March 20 1908/2008
Montrose - The unassuming little trefoil, the shamrock, had its day of special recognition on Tuesday. The little streamers of green fluttering from the coat lapel, the green cravats worn by many, whether sons of Erin or not, or the small silk green flag in the home picturing "the harp that once thro' Tara's halls," told the story of "St. Patrick's Day 08, in Montrose," and there was no other demonstration marking the day. To the Editor's sanctum a few sprays of genuine shamrock, from Ireland, found its way, with the compliments of Miss Mary Gilmartin of this place. Miss Gilmartin received a package from her old home in Ballina, Mayo county, pulled from the old sod by her brother, Thomas, who owns a large estate there. A number of postcards received giving pleasant home-land views, are greatly prized by Miss Gilmartin.
Forest City - The physicians of Forest City have organized a local medical society and [have] underway a number of prosecutions for alleged violations of the law prohibiting the practice of medicine by those not qualified.
Oakley - A large, able-bodied tramp, called at several houses here on Monday, asking for something to eat and after getting dinner twice, evidently made up his mind to ply his trade farther from a telephone line.
Rhiney Creek, Liberty Twp. - Mrs. E. J. Fish attended the Stanfordville Ladies' Aid Society at the Baptist parsonage in Hallstead last Saturday. Owing to the fact that lumber wagons were the carryalls and the road over the hill in a "snowbank then mud hole" condition, the trip was not entirely without adventure. Dinner was served to 62 people.
Lakeside - During the absence of Pearl Barrett Saturday, some unknown persons entered his house and robbed the house of all they could find to eat, including two dozen eggs. They must have had Easter in view.
Lawsville - Thirty-two couples attended the leap year oyster supper at Creamery hall, Mar. 13, and all report a good time.
Great Bend - Francis Kane was severely injured about the head by falling off a train near the Erie station about 6:30 Saturday night, and wandered about in a dazed condition until found about 8 o'clock. He was removed to his home and Dr. A. F. Merrill dressed his injuries. At this writing he is rapidly improving. A number of young men have been injured here by jumping on trains, and all maimed for life.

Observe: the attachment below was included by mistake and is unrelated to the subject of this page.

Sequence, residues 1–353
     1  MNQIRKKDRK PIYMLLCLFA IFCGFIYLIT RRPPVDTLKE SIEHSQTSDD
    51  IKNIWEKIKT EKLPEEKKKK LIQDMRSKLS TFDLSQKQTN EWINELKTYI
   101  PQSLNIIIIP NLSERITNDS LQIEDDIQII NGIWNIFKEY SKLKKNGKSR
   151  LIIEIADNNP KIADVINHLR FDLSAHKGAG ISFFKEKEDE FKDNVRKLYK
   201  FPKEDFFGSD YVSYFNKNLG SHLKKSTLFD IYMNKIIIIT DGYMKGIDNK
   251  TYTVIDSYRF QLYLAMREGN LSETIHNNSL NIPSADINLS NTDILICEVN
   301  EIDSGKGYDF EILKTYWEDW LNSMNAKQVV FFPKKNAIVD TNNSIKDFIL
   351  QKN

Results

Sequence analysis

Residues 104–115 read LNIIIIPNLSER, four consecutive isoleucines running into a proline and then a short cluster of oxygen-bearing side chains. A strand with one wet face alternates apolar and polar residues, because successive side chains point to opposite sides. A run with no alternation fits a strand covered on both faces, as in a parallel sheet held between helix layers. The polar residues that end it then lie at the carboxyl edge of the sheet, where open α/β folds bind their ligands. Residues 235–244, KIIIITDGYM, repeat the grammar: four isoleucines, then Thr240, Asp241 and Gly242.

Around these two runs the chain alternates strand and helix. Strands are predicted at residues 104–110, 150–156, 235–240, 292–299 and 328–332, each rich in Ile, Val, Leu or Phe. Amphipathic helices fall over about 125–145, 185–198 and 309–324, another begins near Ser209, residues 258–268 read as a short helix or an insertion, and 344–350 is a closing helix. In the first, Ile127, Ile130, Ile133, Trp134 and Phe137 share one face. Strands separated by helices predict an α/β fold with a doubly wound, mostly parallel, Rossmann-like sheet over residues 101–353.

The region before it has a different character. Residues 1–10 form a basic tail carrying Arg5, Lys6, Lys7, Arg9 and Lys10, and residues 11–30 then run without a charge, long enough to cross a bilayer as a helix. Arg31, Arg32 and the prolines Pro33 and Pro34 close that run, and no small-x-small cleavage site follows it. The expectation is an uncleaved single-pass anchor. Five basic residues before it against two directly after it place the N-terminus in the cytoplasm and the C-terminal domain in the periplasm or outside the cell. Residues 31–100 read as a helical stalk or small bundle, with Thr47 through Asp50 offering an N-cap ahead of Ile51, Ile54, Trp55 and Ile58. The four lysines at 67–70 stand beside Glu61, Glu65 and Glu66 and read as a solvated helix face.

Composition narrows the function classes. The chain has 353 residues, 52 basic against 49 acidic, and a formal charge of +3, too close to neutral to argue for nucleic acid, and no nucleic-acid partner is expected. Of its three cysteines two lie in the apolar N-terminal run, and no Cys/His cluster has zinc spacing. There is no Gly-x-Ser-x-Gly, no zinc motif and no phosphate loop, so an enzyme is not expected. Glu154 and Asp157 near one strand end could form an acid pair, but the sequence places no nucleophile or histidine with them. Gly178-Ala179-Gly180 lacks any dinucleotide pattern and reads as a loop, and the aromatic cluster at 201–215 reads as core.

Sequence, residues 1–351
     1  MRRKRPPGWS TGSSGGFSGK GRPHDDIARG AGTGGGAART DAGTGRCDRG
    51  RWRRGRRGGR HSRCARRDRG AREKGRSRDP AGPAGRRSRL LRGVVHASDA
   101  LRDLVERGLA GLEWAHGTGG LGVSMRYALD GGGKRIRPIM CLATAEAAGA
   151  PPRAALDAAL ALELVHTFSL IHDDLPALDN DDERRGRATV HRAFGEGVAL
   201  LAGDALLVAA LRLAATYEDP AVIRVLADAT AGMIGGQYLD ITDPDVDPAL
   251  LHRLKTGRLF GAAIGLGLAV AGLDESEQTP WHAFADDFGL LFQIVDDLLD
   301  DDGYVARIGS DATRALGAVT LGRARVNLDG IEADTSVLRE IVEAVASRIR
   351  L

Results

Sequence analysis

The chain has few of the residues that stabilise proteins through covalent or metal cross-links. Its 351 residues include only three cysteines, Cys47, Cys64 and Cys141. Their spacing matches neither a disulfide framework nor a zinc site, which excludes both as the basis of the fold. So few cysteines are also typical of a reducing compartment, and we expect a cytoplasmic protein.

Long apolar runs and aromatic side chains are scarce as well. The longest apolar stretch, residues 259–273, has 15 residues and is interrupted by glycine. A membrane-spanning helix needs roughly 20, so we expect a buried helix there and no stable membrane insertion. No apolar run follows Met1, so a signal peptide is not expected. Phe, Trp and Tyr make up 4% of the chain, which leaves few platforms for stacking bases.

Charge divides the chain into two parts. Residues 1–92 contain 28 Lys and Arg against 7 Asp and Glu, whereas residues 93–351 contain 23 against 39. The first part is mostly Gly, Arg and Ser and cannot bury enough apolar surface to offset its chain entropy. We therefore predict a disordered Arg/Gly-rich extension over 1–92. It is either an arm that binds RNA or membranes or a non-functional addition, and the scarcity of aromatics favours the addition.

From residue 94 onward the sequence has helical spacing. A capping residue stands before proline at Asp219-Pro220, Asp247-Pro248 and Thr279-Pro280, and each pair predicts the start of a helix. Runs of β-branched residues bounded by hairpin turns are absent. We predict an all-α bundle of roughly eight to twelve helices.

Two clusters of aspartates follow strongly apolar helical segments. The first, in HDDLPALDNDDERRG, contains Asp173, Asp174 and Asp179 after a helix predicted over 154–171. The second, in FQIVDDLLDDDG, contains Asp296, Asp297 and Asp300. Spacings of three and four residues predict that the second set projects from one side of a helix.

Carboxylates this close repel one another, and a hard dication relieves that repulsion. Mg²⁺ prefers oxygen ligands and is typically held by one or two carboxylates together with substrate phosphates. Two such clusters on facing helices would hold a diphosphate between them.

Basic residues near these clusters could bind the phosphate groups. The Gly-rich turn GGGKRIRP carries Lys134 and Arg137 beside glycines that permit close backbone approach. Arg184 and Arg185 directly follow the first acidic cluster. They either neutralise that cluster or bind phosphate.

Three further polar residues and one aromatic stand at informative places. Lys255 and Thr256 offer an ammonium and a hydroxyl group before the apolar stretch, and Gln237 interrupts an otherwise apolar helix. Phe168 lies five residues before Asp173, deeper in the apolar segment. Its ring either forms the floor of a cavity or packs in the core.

Rush - The Kinney sale, near the Rush poorhouse on March 12, proved to be a warm day; the crowd was so large it looked like campmeeting. Six fell down in the slush, but when Frank Gray and Will Lowe (with his Sunday go to meeting clothes on, who is up visiting from Pittston) went down in the barnyard slush, along with the baptism of Silas Smith, and Auctioneer Cox's story of the politicians, who were present in great numbers-all of this kept the crowd in an uproar of laughter. It was a large sale, good prices, and everybody thought it would at least take two days, but Auctioneer Cox was there with the mustard, and was through at 5 p.m.
Brooklyn - J. M. Whitman, the contractor, has traded his house and lot at Lindaville for the large building, formerly owned by Mr. Shumard at Mack's Corners, and will take the building down and use it in building several fine cottages on Maple street, if he can secure the land.
South Gibson - Fred Chamberlain has purchased H. D. Pickering's furniture store on Clifford street.
Elk Lake - On Tuesday the house of Sam Carlin was destroyed by fire, with its entire contents. The family was away from home at the time. There was a small insurance. The family moved into M. L. Biesecker's house.
Dimock - Dixie, a Collie owned by the Woodhouse family, near Cope's Lake, is dead. Dixie was in his 19th year and had many friends in adjoining towns as well as here.
New Milford - The Shields Stone Co. has abandoned all its stone quarries in this vicinity and the machinery and derricks are being taken out.
Ararat - During the thunder storm Sunday afternoon, March 15, lightning struck the big stock barn of L. D. Brooks, splintering it from top to bottom, but doing no further damage excepting a good shaking up in general. Mr. Brooks was in the barn, having just closed a door, and the lightning came down a board not more than eight feet away.
Dimock - The woman who sent to Sears-Roebuck for a man on trial, expects him to arrive now in a few days.
Herrick Centre - The removal of the flyer, the early morning train, is universally deplored and causing great inconvenience to the traveling public.
Friendsville - The following item of interest, especially to the early settlers of Friendsville, appeared in the Philadelphia Standard and Times of March 14th: J. M. Donnelly, one of the pioneers of Choconut, Pa., has passed to his reward, in the 88th year of his age. Mr. Donnelly was well known in Scranton, where he spent the greater part of his life, and in almost every town and hamlet of Susquehanna county, his honesty, generosity and true Irish wit are proverbial. His funeral was largely attended from the Church of the Holy Family in Scranton. The remains were then taken to Friendsville and laid to rest in St. Francis Xavier's cemetery that contains the graves of the parents of the poet Griffin. The deceased is survived by three sons, Edward and Joseph of Buffalo, NY, and John of Connellsville, PA; also by two daughters, Miss Mary Donnelly of Scranton and Sister M. William, of the Immaculate Heart Convent, at Centralia, Pa.
News Brief: The small boy with his pockets chock full of marbles is a sure harbinger of spring.